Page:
Moving Forward: My Running Goals

Posted on Posted in Running

Sorry for the absence of blogging this year. As we approach the end of 2020, I want to give a reflection and an update on my running goals.

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Last year I made an effort to study more of the mechanical side of running and how I could improve running as a skill. I spent five months breaking down the running cycle to make it more intuitive when I train. I also looked at what I could do to develop smarter running muscles. My 2019 dealt with acquiring information. My 2020 dealt with refining this information with what worked best for my own running. Safe to say, I found a lot out about my running during these two years.

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The biggest advantage? My ability to spot issues that can limit my performance or cause an injury. In life, we should all know our own strengths and weaknesses. I’m not a physical therapist, but I know my own weaknesses. I believe this will really help me as I challenge myself over the next few years to really develop my aerobic volume. I’m not sure how all of it will work out, but I think something really special can come together if I’m consistent and plan ahead.

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Moving forward, I am working on increasing my mileage while focusing on the power that comes from the glute muscles. I discovered that I’m more quad dominant and glute light. Fortunately, my glutes have been turned on since and as a result, I’m gaining more power in my stride. I am also making sure that my pelvis remains level and that I’m breathing through my diaphragm. As I continue to develop my fitness, I’m mostly working on transferring more force to the ground to increase my stride length. Along with this, I’m developing the aerobic capacity to handle fast running for longer periods of time.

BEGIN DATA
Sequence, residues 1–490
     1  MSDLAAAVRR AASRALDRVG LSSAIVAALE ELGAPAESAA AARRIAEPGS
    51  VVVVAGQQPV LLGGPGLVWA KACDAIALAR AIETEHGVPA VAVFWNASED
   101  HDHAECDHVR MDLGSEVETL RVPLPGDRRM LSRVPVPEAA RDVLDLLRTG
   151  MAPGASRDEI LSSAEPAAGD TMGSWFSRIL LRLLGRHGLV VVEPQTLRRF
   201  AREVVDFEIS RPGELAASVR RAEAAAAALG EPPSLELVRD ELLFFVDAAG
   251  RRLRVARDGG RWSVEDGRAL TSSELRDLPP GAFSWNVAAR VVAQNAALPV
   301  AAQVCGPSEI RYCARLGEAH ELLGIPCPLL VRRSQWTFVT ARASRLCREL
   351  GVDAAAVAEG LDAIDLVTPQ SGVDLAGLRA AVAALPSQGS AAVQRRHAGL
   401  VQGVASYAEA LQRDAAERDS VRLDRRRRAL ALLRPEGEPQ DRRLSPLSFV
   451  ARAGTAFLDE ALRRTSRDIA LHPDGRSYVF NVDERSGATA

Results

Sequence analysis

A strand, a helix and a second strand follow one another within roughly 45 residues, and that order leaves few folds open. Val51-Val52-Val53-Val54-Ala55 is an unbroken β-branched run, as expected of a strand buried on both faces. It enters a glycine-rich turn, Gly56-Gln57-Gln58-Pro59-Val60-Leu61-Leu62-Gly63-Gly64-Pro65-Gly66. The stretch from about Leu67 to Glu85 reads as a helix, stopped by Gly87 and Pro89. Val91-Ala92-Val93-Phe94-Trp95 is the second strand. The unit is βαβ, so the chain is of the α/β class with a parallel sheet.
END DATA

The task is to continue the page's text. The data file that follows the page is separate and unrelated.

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At the end of the day, running is a simple sport. It’s an intuitive endeavor, much like playing music. I’m now at a point where my running feels just as intuitive as my touch when fretting a note on the guitar.

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Photos by Nick Pitsirikos

About Nick Grinlinton

Nick Grinlinton has written 110 entries on this blog.

Nick Grinlinton is a guitarist, composer and educator based in Brooklyn, NY. He is a two-time ASCAP Young Jazz Composer Award finalist and has composed and played music for Jerry Seinfeld's web series "Comedians in Cars Getting Coffee". A speedy runner, Nick currently focuses on racing distances from the mile all the way to the marathon. As he continues to train daily, he is currently examining what effect music has towards running. To learn more and to contact Nick, visit his website.

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